Taking Time Off - Why It's Good and Tips for Managers
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Taking Time Off - Why It's Good and Tips for Managers

by guest writer Eva Benoit

April 28, 2019

Photo by Aleksandar Cvetanovic on Unsplash
In a work-hard/play-hard society, a lot of career-minded people avoid taking time off, let alone consider taking a sabbatical. A sabbatical, simply put, is time off taken by a full-time worker for an extended amount of time - generally two months or more. However, people don't have to take that much time away from their jobs to reap the benefits. By taking time away from work, employees recharge and are able to come back more creative and engaged in their careers.

The idea of taking an extended amount of time away from the office is nerve-wracking for many people. A lot of us are addicted to the stress that comes with our ambitions, and the thought of leaving is too close to falling behind on your responsibilities - and losing your position altogether. However, taking a vacation can actually save a career. The symptoms of job burnout can lead to a diminished performance that requires rebuke. Rather than letting things get to that point, a vacation helps alleviate burnout so employees return to work feeling motivated. In extreme cases, managers can actually do right by their companies and employees when they suggest planning a sabbatical in the face of career burnout.

Resources for Sabbaticals

Spending an extended amount of time off presents many opportunities. If you're planning on traveling, it may be worth it to buy a car. Most places in the United States are built with sprawl and have little public transportation. While you could rent a car or rely on expensive ride shares through companies like Lyft and Uber, having your own car gives you the freedom to go where you want to go during your sabbatical.

When thinking about the car you want, consider buying used. When you buy a new car its value depreciates as soon as you drive it off the lot. And not only is buying used smarter in a financial sense, but used vehicles are also more eco-friendly than new ones. Look for a ride that is compatible with where you plan on spending your sabbatical. For instance, if you're planning on heading out to someplace where the terrain can get a little rough, a four-wheel drive vehicle like a Jeep is best for your needs; click here for more information about purchasing a used car.

To financially prepare for your sabbatical, it helps to start with a baseline budget. Calculate the amount of money you'll need to do all the things you want to do while on sabbatical. In addition to everyday costs, start saving for an emergency fund you can turn to when the car unexpectedly breaks down or the dog needs a trip to the emergency vet. Having something to fall back can help mitigate any financial anxiety you experience regarding your sabbatical.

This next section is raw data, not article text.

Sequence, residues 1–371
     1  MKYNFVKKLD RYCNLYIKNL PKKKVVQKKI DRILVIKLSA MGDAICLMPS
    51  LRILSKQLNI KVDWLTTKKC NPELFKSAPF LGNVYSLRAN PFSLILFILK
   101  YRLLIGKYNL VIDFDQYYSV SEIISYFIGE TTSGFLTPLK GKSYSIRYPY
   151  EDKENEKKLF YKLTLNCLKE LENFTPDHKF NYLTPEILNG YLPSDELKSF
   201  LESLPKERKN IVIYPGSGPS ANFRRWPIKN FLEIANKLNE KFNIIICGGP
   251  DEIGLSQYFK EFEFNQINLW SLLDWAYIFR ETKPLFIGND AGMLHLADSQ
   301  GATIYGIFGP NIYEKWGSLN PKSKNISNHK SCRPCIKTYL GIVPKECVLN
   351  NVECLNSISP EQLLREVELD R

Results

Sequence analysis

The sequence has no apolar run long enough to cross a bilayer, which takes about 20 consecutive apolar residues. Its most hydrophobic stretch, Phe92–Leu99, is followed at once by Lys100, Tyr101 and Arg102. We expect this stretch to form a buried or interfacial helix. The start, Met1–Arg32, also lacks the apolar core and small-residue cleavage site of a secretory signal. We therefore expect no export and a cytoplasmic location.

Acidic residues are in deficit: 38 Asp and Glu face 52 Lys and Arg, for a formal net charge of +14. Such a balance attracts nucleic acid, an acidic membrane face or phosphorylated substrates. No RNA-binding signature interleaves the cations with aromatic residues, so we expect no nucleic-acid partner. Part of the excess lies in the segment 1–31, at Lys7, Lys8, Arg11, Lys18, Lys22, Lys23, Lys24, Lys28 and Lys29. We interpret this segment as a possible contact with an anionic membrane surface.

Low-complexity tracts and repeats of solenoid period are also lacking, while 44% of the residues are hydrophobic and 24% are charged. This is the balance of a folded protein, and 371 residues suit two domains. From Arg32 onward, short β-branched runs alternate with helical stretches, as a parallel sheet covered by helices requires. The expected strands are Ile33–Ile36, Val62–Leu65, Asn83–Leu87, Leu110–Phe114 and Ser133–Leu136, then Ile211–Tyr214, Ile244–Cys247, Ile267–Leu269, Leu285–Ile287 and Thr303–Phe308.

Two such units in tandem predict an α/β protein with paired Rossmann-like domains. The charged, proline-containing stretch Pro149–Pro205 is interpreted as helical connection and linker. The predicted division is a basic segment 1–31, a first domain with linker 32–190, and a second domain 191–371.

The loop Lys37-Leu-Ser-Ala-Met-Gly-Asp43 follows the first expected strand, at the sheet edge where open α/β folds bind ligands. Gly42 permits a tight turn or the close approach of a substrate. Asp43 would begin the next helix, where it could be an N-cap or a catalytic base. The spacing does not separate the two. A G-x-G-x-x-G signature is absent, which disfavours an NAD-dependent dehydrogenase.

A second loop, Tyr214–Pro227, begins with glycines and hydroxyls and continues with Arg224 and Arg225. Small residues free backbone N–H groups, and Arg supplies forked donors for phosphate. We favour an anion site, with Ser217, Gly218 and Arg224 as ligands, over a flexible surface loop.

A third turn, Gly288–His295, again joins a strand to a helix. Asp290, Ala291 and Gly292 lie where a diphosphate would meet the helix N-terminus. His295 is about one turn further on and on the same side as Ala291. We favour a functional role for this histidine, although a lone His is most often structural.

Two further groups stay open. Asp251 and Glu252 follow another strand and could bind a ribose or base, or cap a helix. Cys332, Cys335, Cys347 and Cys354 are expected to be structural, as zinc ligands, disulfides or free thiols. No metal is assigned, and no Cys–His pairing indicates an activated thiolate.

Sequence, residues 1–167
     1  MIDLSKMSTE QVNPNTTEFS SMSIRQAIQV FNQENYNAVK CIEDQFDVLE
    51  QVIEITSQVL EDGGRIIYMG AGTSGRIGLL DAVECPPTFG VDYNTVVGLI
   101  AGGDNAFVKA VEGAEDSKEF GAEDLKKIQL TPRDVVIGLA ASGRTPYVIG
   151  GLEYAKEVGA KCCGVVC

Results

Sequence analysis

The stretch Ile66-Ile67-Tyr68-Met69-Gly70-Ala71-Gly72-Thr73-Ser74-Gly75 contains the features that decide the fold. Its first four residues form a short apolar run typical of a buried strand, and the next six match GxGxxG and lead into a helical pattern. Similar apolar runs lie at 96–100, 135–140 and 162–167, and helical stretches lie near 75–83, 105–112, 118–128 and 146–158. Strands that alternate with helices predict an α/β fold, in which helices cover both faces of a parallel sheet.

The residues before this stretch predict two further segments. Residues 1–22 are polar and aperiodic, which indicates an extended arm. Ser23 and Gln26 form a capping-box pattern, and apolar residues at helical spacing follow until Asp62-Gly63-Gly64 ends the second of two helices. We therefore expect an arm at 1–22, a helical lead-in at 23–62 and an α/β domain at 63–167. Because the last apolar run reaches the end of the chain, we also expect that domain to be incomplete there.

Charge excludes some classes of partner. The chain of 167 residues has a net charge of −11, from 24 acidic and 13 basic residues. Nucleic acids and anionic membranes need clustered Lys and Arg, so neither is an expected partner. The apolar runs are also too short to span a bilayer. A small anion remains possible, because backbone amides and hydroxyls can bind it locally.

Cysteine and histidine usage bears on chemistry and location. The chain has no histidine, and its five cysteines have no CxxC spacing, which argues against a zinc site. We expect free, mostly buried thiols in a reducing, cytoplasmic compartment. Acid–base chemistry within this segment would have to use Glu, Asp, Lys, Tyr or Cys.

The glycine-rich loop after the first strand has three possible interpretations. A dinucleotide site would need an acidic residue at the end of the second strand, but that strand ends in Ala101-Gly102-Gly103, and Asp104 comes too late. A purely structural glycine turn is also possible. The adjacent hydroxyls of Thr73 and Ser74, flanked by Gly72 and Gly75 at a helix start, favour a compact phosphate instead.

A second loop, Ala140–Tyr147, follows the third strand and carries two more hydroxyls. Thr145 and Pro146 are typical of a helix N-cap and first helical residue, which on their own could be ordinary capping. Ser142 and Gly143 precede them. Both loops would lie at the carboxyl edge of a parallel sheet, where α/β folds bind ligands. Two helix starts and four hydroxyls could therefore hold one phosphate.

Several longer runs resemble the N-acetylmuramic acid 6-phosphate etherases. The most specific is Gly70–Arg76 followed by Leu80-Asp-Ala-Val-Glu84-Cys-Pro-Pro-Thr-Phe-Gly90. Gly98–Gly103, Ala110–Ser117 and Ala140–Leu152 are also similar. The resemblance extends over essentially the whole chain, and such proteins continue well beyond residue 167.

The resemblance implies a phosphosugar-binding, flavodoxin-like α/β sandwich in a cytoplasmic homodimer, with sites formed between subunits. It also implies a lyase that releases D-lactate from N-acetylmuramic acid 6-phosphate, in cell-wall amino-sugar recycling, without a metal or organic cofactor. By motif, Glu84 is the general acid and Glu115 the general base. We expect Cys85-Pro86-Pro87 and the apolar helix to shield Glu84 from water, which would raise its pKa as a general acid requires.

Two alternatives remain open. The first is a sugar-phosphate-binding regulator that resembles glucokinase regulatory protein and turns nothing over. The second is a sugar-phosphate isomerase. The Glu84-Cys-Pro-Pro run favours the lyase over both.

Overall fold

Encouraging Employees to Take Time Off

If you're a manager, you've probably had an employee or two in your time who refused to take time off. However, encouraging your team to travel and pursue interests outside of work can make them more appreciative of the company and harder workers when they come back. If you think someone you manage would benefit from a vacation, it isn't the easiest topic to approach. However, if you can ensure their job's security if they leave, that's a great place to start.

Talk with them about the benefits of spending time away from the office enjoying themselves. Having time off helps shift a worker's perspective on their job so they're more appreciative of what they do. It helps them get out of their heads for a bit so they can find new and creative solutions to problems. And it's a great tool for distancing themselves from negative situations that would otherwise impact their job performance.

Taking time away from the office and going on vacations have many benefits, but people are hesitant to ask for time off because they fear falling behind at their jobs. If you are a manager, it's important to remember that time off provides employees with the opportunity to rest and relax so they are more productive when they come back to the office. If you have people on your team who seem like they are avoiding asking for time off, talk with them about how vacations can actually help the company operate better overall.
Author Bio: Eva Benoit - "I specialize in helping people with anxiety, but I welcome working with people from all walks of life. I don't claim to have all of the answers, and there is no overnight solution that will put you on a path to a calmer, less stressful, fuller life. But what I can tell you is that together, we will discover and explore avenues that will bring you balance, peace, and improved overall well-being that can last a lifetime!"